- Supreme Court Decision Makes Way for Increased Retaliation Claims
- March 26, 2009 | Author: Kari Knight Stevens
- Law Firm: Blank Rome LLP - Philadelphia Office
Recently, the Supreme Court of the United States handed down another in a series of decisions paving the way for increased retaliation claims against both private and public employers. In its decision, Crawford v. Metropolitan Gov’t of Nashville & Davidson County, Tenn., 129 S. Ct. 846 (2009), the Court, unanimously reversing a decision by the United States Court of Appeals for the Sixth Circuit, held that individuals involved in a company internal investigation of discrimination or harassment complaints are entitled to bring retaliation claims against the company if they are subjected to an adverse employment action during or after the investigation. This decision resolves a split among the federal courts, some which protected individuals in internal investigations and others that did not.
Supreme Court Decision
In Crawford v. Metropolitan Gov’t of Nashville & Davidson County, Tenn., Crawford brought a retaliation claim against her employer, asserting that she was fired following an interview with company investigators regarding a co-worker’s harassment claim during which she disclosed that she was also the victim of harassment in the workplace. During this internal interview, she described several instances of sexual harassment directed towards her by the company’s employee relations director. Following her interview, Crawford was terminated for allegations of embezzlement. Two other accusers were also terminated. No action was taken against the employee relations director.
The trial court dismissed Crawford’s retaliation claim, finding that her responses during the internal investigation interview did not constitute the protected activities of “opposition” or “participation” under Title VII of the Civil Rights Act of 1964, as amended. The Sixth Circuit upheld the trial court’s dismissal, holding that “opposition” requires an employee to instigate the investigation or otherwise engage in “active, consistent” resistance to alleged harassment. The Sixth Circuit further held that there is no protected activity where the internal company investigation is not conducted as part of a pending EEOC Charge of Discrimination.
The Supreme Court, in reversing the Sixth Circuit’s decision, found that the protections of Title VII’s “opposition clause” apply to employees who cooperate in internal company investigations of harassment and discrimination, just as they apply to those who file a formal complaint with the employer or a Charge with the EEOC. In response to the employer’s argument that a finding that Crawford’s actions constituted “opposition” would discourage employers from conducting internal investigations, the Supreme Court responded that employers already have a strong incentive to find and address discriminatory conduct in the workplace as a result of the Supreme Court’s prior decisions, over ten years ago, in Burlington Industries Inc. v. Ellerth and Faragher v. Boca Raton. Ellerth and Faragher afford employers an affirmative defense to Title VII liability based on alleged harassment if the employers promptly investigate and take effective remedial action to correct harassment claims. The Supreme Court reasoned that to uphold the Sixth Circuit’s ruling would “undermine the Ellerth-Faragher scheme.”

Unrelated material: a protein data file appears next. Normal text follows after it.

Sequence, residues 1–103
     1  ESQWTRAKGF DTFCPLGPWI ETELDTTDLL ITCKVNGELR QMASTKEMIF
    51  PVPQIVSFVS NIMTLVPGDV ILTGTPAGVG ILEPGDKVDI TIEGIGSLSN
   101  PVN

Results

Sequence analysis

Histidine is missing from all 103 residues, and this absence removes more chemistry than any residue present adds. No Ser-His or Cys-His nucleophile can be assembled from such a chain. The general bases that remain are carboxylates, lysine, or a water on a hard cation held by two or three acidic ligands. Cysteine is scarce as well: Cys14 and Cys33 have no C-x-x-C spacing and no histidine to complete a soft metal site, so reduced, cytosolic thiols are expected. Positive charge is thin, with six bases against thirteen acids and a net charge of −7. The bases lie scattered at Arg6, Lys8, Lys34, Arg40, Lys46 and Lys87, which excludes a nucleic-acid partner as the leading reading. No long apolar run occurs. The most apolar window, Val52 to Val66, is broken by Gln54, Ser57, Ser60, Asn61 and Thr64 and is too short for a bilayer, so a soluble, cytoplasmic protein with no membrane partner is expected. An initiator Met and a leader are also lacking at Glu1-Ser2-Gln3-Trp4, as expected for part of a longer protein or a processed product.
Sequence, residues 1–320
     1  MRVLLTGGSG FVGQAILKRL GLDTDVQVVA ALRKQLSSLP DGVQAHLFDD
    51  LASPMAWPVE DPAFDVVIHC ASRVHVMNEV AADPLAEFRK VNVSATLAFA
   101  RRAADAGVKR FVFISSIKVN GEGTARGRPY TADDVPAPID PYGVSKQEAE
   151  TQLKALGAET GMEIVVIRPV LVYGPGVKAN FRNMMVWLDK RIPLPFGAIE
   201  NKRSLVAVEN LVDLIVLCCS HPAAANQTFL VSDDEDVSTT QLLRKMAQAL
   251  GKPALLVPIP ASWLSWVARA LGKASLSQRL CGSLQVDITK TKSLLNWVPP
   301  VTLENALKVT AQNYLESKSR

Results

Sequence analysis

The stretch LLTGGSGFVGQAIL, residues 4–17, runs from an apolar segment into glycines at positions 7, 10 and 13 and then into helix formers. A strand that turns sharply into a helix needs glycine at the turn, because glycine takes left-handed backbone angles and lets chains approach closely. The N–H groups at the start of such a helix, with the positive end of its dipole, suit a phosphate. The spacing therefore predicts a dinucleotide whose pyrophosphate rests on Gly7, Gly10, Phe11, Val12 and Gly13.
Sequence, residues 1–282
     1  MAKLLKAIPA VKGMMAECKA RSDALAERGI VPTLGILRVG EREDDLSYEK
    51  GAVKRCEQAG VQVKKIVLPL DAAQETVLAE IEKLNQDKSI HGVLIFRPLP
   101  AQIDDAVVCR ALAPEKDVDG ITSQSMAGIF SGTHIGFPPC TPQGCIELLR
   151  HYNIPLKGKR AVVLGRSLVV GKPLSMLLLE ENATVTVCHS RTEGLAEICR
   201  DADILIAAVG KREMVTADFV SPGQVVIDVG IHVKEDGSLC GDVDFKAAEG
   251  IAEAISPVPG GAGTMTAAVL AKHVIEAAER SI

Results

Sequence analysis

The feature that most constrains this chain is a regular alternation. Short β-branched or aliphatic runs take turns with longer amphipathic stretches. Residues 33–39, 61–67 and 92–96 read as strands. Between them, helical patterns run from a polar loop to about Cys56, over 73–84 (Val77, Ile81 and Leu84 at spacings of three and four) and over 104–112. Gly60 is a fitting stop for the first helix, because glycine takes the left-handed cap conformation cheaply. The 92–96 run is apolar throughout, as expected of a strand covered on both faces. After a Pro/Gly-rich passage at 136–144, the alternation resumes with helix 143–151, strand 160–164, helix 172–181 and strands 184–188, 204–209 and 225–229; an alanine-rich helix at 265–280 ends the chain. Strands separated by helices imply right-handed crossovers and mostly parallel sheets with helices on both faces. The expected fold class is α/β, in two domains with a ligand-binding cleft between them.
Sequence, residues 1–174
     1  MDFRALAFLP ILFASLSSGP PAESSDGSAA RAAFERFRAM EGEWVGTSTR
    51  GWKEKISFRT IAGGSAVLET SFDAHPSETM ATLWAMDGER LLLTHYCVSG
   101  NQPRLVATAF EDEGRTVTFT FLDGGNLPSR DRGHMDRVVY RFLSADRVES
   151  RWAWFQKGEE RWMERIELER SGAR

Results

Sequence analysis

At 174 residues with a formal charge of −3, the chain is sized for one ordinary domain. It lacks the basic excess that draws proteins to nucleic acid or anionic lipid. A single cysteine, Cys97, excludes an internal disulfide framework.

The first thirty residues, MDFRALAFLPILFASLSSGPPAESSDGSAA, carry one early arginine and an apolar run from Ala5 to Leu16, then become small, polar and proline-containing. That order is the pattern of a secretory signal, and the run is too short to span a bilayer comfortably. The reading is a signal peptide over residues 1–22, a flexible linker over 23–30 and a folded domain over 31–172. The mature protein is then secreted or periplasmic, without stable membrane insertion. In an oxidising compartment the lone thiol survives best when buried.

Implications of the Decision
As a result of the Crawford decision, retaliation claims will continue to rise. This will especially be true if courts interpret the Supreme Court’s findings broadly to extend to those employees who do not provide information in internal investigations but are in “silent opposition,” i.e., do not communicate their views to their employers through “purposive conduct.” As a result, employers should act now to evaluate their general anti-discrimination and anti-harassment policies and their internal investigation protocols in response to discrimination or harassment claims. Employers should also create an action plan to respond to additional accusations of harassment or discrimination revealed during the internal investigation process. Employers who terminate an employee prior to taking appropriate action in response to his or her complaint of harassment or discrimination, regardless of the context, greatly increase their risk of legal exposure for retaliation should litigation arise.